ArticleS. UncleBob.
TakingCare [add child]

Taking Care: The Beauty of Utility

I am consulting for a customer in Wroclaw, Poland this week. (That's the old German town of Breslau, but is pronounced VRAHT-swahf.) This weekend I visited the museum of archeology, right by the town square. As I was looking through the museum I was struck by the care that was taken by those ancient peoples who created arrows, hooks, axes, pots, baskets, and all the other artifacts of daily life. These objects must have taken hours, days, and sometimes weeks to create; and yet the peoples of those time determined that the time spent was worth the effort.

I examined one arrow for several minutes. The arrow was completely utilitarian. There were no decorations or adornments. And yet it was a thing of great beauty and craftsmanship. The shaft was just a stick, but was clearly selected very carefully for it's straightness and regularity. The arrowhead was rough hewn quartz, and yet it's shape was perfectly tuned for the shaft and the gut chording that securely lashed it to the shaft. The lashings were tight, regular, and precise. The object taken as a whole made a deep impression on me. Someone took great pains to build it. Someone cared.

More impressive still was an ancient loom. This device was made from the branches of trees. Like the arrow, it was unadorned and rough hewn. And yet it was so wonderfully designed, and carefully thought through. It was just a matter of a few minutes for me to understand how it worked. From the weighted warp strings, to the clever shaft that alternately separated the warp strings so that the weaver could drag the woof shuttle between them. The device was a masterpiece of ancient utilitarian craftsmanship and engineering.

I was also struck by the care that would be needed to use the loom. Just to set up the warp strings would have been a matter of many hours if not days. Every other warp string had to be connected to the warp shaft by a loose string of precisely the right length, so that when the weaver pulled the shaft, those warp strings would be pulled away from the remaining warp strings. This had to be done carefully to prevent tangles in the warp.

The moral I took away from this experience was: Utilitarianism does not amount to carelessness!. Another way to say this is that you don't have to adorn and decorate something for it to exhibit great craftsmanship. Craftsmanship is not so much about external beauty, as it is about internal beauty; the beauty of utility.

As I studied this ancient device it struck me that if they could take such great care in the building and use of their utilitarian devices, that we software engineers can too. As a software consultant I am exposed to a great deal of code. I am often appalled at the sheer carelessness with which much of this code is constructed. It is as though the authors, in their hurry to achieve utilitarian success, abandon care. What the arrow, and the loom, and so many of the other artifacts in the museum represented to me is that utilitarian success is a result of care!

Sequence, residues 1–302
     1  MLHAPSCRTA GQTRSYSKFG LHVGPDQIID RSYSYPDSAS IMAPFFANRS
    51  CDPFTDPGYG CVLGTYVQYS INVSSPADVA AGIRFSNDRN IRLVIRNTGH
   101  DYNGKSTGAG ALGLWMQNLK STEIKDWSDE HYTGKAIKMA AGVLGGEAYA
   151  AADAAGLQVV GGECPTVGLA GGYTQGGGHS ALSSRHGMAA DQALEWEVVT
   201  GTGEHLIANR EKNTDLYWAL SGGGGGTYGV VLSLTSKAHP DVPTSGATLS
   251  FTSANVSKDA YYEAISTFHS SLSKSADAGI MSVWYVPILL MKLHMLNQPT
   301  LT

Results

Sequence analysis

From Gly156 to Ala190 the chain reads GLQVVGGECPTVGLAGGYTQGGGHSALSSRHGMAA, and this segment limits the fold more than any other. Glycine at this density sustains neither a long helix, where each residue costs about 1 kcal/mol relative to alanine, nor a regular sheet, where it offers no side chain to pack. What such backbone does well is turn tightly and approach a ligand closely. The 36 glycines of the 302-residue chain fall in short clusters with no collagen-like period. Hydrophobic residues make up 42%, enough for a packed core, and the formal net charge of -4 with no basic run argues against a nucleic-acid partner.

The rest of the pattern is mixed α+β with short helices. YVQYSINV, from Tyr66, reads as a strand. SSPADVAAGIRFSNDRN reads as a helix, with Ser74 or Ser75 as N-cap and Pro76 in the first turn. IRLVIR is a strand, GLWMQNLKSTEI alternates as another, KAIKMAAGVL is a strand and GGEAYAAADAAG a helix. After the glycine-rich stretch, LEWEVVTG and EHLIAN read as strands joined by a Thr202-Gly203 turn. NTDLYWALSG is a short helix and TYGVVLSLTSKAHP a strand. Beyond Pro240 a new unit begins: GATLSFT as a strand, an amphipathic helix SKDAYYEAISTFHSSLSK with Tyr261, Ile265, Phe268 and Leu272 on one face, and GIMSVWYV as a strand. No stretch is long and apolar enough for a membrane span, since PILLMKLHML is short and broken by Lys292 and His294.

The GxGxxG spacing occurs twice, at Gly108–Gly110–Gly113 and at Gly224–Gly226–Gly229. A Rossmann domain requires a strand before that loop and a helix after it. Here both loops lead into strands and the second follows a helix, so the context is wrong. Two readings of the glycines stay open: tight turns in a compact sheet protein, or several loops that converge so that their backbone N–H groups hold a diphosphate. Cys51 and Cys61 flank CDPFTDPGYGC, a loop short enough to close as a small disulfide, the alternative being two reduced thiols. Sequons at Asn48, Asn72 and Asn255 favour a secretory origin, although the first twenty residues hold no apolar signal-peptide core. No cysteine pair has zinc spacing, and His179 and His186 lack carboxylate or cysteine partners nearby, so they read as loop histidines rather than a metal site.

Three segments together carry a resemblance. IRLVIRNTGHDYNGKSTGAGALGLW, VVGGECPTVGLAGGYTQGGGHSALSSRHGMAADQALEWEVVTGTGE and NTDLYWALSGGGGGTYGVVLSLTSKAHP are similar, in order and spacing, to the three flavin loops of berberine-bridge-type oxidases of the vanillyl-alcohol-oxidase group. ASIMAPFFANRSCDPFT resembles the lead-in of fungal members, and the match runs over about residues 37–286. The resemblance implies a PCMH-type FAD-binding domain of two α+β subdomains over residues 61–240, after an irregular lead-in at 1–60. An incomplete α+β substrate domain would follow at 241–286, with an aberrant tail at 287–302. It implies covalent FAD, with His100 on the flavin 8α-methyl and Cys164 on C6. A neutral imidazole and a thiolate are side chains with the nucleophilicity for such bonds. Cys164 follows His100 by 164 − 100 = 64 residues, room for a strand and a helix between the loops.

If we are software professionals then we care about our craft, and about our crafstmanship. We don't throw a bunch of code together and poke and prod it until it soft-of works. Rather we take care to make sure the code is well conceived, well written, well tested, and well documented.

I wear a green wrist-band that says TEST FIRST as a symbol of this careful professional attitude. It represents a promise that I made to myself and my profession, that I will not be careless with my code.

 Wroclaw is great!.
As an aside, Wroclaw is a beautiful city, that is recovering spectacularly from Soviet domination and repression. The city square is colorful, alive, and prospering. The university is producing bright and aggressive new graduates. Businesses are forming. There is lots of construction and renovation. In short, things are popping. And the food is great!

!commentForm -r
 Thu, 29 Jun 2006 12:09:03, , Verification and Ancient Times
As for the Solomon's temple, supposedly one wall stil remains standing, so that any theory could be verified.

If we are going to build a wall made of bricks of stone, stones can't be manufactured like bricks, they need to be found and cut in regular pieces, but since they are so stiff, it is really hard and expensive to create regular stones. And if you go to Macchu Picchu, you will see that they were living in the stone age, but their buildings were colossal. They really knew how to build with stones and they used nothing between one rock and the next, yet the buildings do not fall after earthquakes even after 500 years.
 Sat, 17 Jun 2006 12:14:51, Rob McBride[?], Craftsmanship
I enjoyed reading this. It reminds me of the building of Solomon's temple. It is recorded in the Bible (1 Kings 6:7) that all the stones were prepared at the quarry and each one fit so perfectly in its place that no iron tools were needed at the building site. This makes me wonder how they did it. Did they expect each stone to have small unknown variations such that they could not specify the size, shape and placement of each stone at the start? If I had to guess I would say that they measured for each stone as they went. I would guess they were agile in their building methods. Just a guess.